Here's how much house prices have risen along the Elizabeth Line since building started

Helen Cahill
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The Queen Visits The Crossrail Station Site At Bond Street
The line was named after The Queen last month (Source: Getty)

London's upcoming Elizabeth line - set to open in 2018 - is already making its mark on property prices throughout the capital.

Data released today showed properties near the planned stops along the line have increased in value by 52 per cent on average since building began, compared with the average rise of 30 per cent across England.

The figures, from online property portal Zoopla, showed buyers are flocking to snap up properties with access to the high-speed rail link: an average property on the Elizabeth Line is now worth £522,192, 54 per cent higher than the national average of £298,863.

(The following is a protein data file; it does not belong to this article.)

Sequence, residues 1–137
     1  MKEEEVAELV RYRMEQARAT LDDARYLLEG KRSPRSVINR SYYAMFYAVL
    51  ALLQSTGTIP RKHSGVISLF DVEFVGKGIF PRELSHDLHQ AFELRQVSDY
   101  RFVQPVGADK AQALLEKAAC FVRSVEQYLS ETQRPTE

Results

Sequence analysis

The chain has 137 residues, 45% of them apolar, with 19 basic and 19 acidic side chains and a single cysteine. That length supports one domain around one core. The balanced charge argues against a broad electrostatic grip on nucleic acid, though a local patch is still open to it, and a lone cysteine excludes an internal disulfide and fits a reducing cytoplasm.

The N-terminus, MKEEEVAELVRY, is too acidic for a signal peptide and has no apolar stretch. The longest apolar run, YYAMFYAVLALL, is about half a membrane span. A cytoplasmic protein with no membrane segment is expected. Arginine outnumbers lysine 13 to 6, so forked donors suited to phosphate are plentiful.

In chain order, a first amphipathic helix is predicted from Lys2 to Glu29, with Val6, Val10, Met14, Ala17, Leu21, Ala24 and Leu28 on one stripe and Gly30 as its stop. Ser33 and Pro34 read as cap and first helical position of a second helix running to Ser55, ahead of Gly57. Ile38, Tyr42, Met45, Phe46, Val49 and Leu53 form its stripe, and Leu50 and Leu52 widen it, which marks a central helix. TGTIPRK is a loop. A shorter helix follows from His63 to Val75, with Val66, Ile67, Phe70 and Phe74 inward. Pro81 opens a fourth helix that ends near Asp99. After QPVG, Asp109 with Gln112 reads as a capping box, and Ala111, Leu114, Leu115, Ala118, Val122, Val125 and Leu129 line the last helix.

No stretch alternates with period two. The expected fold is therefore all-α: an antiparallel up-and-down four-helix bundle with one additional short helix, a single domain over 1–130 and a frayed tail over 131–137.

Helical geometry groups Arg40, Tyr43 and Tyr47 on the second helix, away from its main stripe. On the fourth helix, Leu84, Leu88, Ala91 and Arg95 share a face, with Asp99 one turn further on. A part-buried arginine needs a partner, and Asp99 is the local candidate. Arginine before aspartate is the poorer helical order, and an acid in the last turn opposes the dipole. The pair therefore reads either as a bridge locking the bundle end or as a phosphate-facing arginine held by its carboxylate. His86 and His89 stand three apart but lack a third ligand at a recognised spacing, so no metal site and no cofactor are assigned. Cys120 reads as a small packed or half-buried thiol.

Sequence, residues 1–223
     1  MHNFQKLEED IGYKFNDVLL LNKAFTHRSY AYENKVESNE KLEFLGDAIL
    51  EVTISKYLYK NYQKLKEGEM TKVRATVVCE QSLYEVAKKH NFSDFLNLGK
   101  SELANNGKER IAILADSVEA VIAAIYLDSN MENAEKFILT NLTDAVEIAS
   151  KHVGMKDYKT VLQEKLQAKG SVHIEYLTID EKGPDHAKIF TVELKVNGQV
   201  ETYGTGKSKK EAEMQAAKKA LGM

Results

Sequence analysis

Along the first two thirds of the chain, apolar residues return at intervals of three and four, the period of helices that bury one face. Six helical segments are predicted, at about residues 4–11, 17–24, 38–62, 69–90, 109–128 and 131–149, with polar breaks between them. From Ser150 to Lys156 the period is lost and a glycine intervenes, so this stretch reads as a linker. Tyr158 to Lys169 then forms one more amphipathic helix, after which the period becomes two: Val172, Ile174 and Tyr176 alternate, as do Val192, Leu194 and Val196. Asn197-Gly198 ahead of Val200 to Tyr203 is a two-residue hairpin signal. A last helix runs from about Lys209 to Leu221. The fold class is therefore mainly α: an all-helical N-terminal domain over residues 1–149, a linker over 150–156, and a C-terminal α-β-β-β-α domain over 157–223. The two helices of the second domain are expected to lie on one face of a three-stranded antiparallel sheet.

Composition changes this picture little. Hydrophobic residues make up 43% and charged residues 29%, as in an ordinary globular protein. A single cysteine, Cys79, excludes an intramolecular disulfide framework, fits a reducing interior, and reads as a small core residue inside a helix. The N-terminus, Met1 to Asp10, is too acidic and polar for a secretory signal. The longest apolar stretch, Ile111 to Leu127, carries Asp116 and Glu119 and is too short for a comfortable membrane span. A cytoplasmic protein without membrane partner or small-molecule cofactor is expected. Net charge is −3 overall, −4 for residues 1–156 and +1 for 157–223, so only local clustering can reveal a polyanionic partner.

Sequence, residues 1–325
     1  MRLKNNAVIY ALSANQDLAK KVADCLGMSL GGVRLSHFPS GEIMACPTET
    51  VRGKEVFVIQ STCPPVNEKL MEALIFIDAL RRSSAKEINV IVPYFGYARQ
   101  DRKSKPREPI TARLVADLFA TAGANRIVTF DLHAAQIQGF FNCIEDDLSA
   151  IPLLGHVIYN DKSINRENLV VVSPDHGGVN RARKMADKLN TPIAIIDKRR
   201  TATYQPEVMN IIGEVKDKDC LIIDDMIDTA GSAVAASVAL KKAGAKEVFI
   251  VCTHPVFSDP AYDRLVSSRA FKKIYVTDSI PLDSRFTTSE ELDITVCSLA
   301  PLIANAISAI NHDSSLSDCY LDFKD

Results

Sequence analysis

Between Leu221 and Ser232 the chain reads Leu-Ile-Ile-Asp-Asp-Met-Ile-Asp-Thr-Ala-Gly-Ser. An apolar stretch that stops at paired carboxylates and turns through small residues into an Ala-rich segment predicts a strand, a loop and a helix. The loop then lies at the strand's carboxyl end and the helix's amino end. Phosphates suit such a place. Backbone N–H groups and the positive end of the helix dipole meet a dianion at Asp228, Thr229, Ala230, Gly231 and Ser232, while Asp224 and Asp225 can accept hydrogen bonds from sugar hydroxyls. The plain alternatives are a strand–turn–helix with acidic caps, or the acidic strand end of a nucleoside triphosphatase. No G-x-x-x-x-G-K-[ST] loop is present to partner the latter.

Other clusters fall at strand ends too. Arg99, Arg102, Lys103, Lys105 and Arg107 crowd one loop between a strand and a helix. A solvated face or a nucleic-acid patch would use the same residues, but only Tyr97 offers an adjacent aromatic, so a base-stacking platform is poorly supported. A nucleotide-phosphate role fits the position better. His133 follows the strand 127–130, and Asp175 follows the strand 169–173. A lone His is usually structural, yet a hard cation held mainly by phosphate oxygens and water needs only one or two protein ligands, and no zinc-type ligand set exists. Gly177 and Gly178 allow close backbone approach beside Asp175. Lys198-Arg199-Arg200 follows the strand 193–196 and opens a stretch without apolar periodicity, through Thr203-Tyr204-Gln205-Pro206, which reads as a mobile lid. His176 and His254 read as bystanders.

Central London hotspots Tottenham Court Road and Bond Street have seen the highest increase of any postcode along the line, both with an average property price rise of 66 per cent since May 2009, when work first started on the Elizabeth Line.

In third place, was Forest Gate, with a 65 per cent in the value of property over the same period - the highest rise outside Zone 1 of the London Tube system.

Large price increases in the west of the city took place in West Ealing and Hanwell, where property values increased by 65 per cent and 63 per cent respectively.

Lawrence Hall, a spokesman for Zoopla, said: "With just under two years to go until the line is fully operational the impact on property values close to the 40 stops is becoming clear."

"Whilst these rises will be welcomed by current owners up and down the line, it's a reminder of just how hard it is to get onto the London property ladder."

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